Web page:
Army to be deployed to quell violent crime in Cape Town

Military to assist police in gang-hit parts of the port city and Western Cape province for three months.

    Authorities in South Africa will deploy the army to parts of the Western Cape province, including the port city of Cape Town, to help police battle a surge of gang-related violence in its poorer neighbourhoods.

    The defence ministry announced in a statement on Friday that troops would be sent to the “worst-affected crime areas” for at least three months from July.

    The South African National Defence Force (SANDF) said the deployment will take place at a later date and not on Friday as the ministry had announced.

    “It will go ahead as soon as we have all the necessary paperwork in order,” SANDF head of communications Siphiwe Dlamini told the News24 channel on Friday.

    The ministry’s move came after recent bloodshed in mainly poor majority-black and mixed-race areas prompted a provincial official to liken the situation in parts of the province to a “war zone”, with some 2,000 people killed since January.

    Communities in those districts often bear the brunt of violence spread over a vast area called the Cape Flats, where high rates of unemployment and drug abuse have fuelled gang activity.

    In a crime last Friday, which made national headlines, six women aged 18 to 26 were murdered when unknown gunmen entered a home and opened fire.

    The next day, five men, aged 18 to 39, were shot dead and one was injured in two separate shooting incidents, said Albert Fritz, a Western Cape provincial official tasked with ensuring community safety.

    “In the Western Cape, 1,875 people were murdered in the past six months alone. This means that many of our most vulnerable residents in the province are living in a war zone,” Fritz said after more than a dozen murders over one weekend last month.

    ‘We’ll go door to door’

    Police Minister Bheki Cele said the army’s deployment – backed by President Cyril Ramaphosa – was part of “extraordinary” measures that needed to be taken to ensure public safety.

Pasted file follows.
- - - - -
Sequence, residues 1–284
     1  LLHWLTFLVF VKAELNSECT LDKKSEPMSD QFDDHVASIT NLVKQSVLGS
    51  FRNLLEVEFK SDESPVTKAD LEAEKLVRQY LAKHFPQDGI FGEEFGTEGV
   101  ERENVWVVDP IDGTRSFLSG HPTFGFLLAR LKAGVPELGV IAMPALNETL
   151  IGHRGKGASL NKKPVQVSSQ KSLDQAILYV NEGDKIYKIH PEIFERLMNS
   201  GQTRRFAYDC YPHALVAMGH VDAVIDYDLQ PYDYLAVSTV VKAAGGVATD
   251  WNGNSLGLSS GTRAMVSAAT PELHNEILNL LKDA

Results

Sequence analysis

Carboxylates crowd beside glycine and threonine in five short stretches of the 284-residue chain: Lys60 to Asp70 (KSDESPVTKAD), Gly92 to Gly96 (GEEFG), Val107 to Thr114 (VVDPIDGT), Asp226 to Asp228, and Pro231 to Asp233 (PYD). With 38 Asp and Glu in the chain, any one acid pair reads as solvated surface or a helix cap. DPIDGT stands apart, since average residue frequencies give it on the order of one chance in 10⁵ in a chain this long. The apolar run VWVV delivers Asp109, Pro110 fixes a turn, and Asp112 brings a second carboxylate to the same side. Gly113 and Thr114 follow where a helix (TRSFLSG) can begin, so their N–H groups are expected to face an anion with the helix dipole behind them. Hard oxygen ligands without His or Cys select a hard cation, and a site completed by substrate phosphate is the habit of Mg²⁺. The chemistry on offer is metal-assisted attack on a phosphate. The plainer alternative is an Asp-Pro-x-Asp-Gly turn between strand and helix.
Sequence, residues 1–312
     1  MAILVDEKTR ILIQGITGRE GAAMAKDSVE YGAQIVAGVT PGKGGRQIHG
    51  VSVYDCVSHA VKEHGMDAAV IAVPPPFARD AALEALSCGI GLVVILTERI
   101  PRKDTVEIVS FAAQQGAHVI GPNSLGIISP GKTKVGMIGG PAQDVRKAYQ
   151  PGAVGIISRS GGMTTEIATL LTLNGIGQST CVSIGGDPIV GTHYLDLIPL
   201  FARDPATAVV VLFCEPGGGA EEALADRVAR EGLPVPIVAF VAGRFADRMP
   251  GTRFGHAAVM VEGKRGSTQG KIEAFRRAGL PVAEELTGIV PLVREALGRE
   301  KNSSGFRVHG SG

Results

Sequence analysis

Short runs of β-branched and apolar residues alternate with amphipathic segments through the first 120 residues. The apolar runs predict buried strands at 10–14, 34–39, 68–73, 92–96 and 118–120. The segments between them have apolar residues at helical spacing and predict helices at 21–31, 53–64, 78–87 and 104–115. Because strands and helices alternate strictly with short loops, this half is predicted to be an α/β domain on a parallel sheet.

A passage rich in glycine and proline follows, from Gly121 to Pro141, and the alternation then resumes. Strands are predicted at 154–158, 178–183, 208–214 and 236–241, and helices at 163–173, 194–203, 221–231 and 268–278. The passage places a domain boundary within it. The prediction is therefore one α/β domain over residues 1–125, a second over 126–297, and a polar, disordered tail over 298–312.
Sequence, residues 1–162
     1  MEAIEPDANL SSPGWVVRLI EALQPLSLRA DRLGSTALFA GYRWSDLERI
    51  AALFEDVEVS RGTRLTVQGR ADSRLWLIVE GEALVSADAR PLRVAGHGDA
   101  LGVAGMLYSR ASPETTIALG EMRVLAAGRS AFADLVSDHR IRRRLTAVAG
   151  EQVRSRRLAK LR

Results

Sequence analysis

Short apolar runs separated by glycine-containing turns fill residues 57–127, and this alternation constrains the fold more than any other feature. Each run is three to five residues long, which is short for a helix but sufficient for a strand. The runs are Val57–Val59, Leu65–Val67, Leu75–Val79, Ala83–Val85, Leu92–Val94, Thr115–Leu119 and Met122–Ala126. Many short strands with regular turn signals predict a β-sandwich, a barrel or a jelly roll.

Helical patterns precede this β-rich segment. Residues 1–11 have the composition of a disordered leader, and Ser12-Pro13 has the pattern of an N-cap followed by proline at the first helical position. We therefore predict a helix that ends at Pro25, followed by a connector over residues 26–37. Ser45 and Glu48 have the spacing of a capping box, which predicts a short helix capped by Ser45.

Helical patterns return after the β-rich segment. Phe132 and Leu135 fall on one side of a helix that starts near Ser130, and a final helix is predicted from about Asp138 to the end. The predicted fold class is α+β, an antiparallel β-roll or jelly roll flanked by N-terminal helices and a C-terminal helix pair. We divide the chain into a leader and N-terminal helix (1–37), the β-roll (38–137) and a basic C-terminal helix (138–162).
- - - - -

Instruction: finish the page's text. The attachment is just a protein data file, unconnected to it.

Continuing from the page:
“We’ll go door to door, we’ll collect every illegal firearm, we’ll collect all criminals that we want,” Cele told local media on Thursday.

    “If you keep the illegal firearms and you think you will sleep peaceful, it can’t happen. We’ll knock at your door. If you refuse to open, we’ll open the door. We’ll ask to pull up your mattress. If you refuse, we’ll pull it up with you,” he added. “We vouch that the Western Cape will never be [the] same.”

    Murders in the Western Cape province, which includes Cape Town, increased by 6.3 percent from 3,729 to 3,963 during the year to April 2019, according to Cele.

    Cape Town, an international tourist destination with stunning coastal and mountain scenery, has the highest murder rate in South Africa, according to the latest official crime figures.

    The city has an entrenched gang culture, with thousands of young men belonging to street gangs with names like “Hard Living” and “Young Americans”.

    But analysts warned the move to send in troops in a bid to address the violence was not a lasting solution.

    “Deploying the army is a short-term, unsustainable response to a crises,” said Gareth Newham, head of justice and violence prevention at the Pretoria-based Institute for Security Studies.

    “When will we see clear plans to professionalise the police and prevent murder so there’s no need for the army?,” he questioned in a Twitter post.

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